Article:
Earlier this month, Rian Johnson expressed a level Zen over the possibility that writer-director-producer J.J. Abrams could return to the Star Wars franchise and retcon his work in The Last Jedi, specifically with regard to Rey’s origins. In the middle installment of Lucasfilm’s sequel trilogy, Kylo Ren reveals to our Force-wielding heroine that she’s not a “chosen one” or of the Skywalker lineage — she’s just some kid dumped on Jakku. Knowing Abrams to be a master of the longtail mystery, the revelation came as a surprise, be it polarizing. Many wondered if, in returning to Episode IX, Abrams could possibly undo Johnson’s poignant explanation in favor of something more lore heavy.
Johnson, speaking to MTV, said he wouldn’t mind either way.
“I want to let go of all my expectations,” he said. “I want to sit back. I want to be entertained. I want to be surprised. I want to be thrilled. I want him to do stuff I wasn’t expecting him to do and just go along for the ride.”
With the reveal of Episode IX’s title, Star Wars: The Rise of Skywalker, the potential for retconning Rey’s origin is back on the table. Who else could possibly be the Skywalker in question? As Luke whispers from the great beyond, over footage of Rey preparing for a massive Force-enabled jump, “We’ve passed on all we know. A thousand generations live in you now. This is your fight.”
And yet, this image from The Last Jedi...
The end of The Last Jedi finds the Resistance in shambles, with only a few surviving members speeding away from the First Order’s violent campaign. But the group persists, and its message of freedom has trickled down to a younger generation. Johnson returns one last time to Canto Bight to find “Broom Boy,” left with a Resistance ring after Finn and Rose’s daring escape. Pushed out to do some sweeping, we see the kid employ some subtle Force to grab his broom, before staring up to the sky and dreaming big. This is the future. It’s alive and empowered.
Abrams retconning Rey’s origins would have larger implications. The Last Jedi tees up The Rise of Skywalker to become something of a Spider-Man: Into the Spider-Verse for the Star Wars universe. Miles Morales and the multidimensional web-slinging reminded us that anyone can wear the mask. Broom Boy suggests a new generation of non-Chosen Ones can pick up a saber and go to righteous battle. The end of the Skywalker Saga runs deeper than just Rey. If she were to become something bigger than that, Abrams would rejigger the entire message of the sequel trilogy.
At Episode IX’s Celebration panel, Abrams explained the thematic thrust of The Rise of Skywalker (without spoiling anything). Even as the trailer centers on Rey and the end of the Skywalker saga, the writer-director’s messaging seems to continue Johnson’s notion that the galaxy is bigger than just one or two saviors. This is a world robust with characters, and when the credits role on the sequel trilogy, it’ll become the beginning of something new.
“This movie is about the new generation,” the director said. “What they’ve inherited, the light and the dark, and ask the question about facing the greatest evil: are they ready?”
Rey and Luke’s journey in The Last Jedi found the old guard and a fresh-faced warrior training, wrestling with the Force, and wondering if the traditional duality of this invisible power was blurrier than just light and dark. Yoda and Luke watch the legendary teachings of the Jedi burn up in flames, accepting that philosophical evolution is inevitable (“We are what they grow beyond. That is the true burden of all masters.”) But Rey doesn’t totally reject her master; in the end, she sneaks the sacred texts aboard the Millennium Falcon, words of wisdom that will surely inform future Jedi.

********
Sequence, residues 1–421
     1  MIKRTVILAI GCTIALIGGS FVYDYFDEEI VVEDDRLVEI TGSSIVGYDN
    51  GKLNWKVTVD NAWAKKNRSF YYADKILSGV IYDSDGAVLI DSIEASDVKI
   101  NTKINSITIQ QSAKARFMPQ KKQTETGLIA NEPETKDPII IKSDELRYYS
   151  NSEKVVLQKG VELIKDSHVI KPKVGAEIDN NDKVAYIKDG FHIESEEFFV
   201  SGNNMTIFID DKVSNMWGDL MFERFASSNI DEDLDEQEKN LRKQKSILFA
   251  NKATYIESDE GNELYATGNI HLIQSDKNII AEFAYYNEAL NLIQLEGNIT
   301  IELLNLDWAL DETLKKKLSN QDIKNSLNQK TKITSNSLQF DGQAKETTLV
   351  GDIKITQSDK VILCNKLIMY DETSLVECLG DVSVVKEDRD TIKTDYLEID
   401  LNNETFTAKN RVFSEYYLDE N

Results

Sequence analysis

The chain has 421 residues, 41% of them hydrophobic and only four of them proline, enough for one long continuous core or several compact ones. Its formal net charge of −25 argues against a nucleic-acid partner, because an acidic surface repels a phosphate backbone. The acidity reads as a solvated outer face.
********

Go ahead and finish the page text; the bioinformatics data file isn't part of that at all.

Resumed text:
Or maybe they won’t be Jedi. Just as George Lucas wrote the prequel movies to “rhyme” with his original three films like poetry, so too have Abrams and Kathleen Kennedy’s new films. The Force Awakens played like a sequel and a remake to Star Wars (1977). The Last Jedi splintered the group in a similar way to Empire Strikes Back. The trailer for The Rise of Skywalker teases a return to the original Death Star, the return of the Emperor, and concept art even suggests a moon-of-Endor-like forest planet — but the connections could run even deeper.
The trilogy-capping films follow an interesting trend: the Sith get “revenge,” the Jedi “return,” and now Skywalker “rise.” But what if Skywalker isn’t a person, but whatever legion of Jedi-like warriors Rey trains under her balanced light-dark philosophy? What if Broom Boy is a “Skywalker?”
“I haven’t really thought about [Episode IX] because there’s such a sense of closure, Luke’s story is told,” Mark Hamill said last year, while celebrating the inclusion of “Broom boy” at the end of The Last Jedi. “It’s so subtle ... implying that yeah, [Rey’s] the last Jedi... until the next Jedi. It’ll go on forever, believe me. Long after both of us are gone they’ll be making these films from here into eternity.”
Whoever was “the last Jedi,” everyone involved seems to agree the order is in transition. There’s something new on the horizon. And The Rise of the Skywalker, instead of retconning what came before it, looks ahead.
This week, Bob Iger announced that Star Wars movies would go on “hiatus” after The Rise of Skywalker. The universe needs to cool down after the end of the Skywalker saga — but they’ll be back. Johnson is working on another trilogy, and so are Game of Thrones creators David Benioff and D.B. Weiss. One assumes those movies will still deal in the Force, deal with Force-wielders, and delve into the melding philosophies of the light and dark. From our first glimpse at Episode IX, all signs point to a future full of Skywalkers. A rise of them, if you will.